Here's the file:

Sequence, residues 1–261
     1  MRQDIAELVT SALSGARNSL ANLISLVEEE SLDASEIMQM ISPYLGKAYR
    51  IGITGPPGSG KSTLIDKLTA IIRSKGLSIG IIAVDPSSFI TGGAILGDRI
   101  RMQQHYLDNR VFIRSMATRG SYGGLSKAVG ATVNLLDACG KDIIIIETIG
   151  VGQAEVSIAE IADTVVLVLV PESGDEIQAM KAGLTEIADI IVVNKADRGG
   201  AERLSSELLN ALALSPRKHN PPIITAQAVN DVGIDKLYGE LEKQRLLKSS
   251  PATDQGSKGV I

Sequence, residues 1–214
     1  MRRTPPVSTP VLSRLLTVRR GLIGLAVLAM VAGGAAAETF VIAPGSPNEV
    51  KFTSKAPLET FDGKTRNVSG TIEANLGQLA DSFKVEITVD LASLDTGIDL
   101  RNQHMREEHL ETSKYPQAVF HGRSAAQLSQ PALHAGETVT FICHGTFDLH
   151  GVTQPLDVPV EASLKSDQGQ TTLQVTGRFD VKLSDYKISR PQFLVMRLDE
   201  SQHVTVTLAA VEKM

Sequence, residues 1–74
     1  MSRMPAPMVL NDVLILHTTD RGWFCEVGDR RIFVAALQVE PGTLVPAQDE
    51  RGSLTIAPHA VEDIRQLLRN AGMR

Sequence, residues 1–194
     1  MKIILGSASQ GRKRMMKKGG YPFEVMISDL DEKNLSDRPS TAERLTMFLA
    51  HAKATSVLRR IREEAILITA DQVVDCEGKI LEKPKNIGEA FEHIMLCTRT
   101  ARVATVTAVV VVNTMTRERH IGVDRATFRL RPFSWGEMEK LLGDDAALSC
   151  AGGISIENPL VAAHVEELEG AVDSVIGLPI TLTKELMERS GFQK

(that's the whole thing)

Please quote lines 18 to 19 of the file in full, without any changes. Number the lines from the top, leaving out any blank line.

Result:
     1  MKIILGSASQ GRKRMMKKGG YPFEVMISDL DEKNLSDRPS TAERLTMFLA
    51  HAKATSVLRR IREEAILITA DQVVDCEGKI LEKPKNIGEA FEHIMLCTRT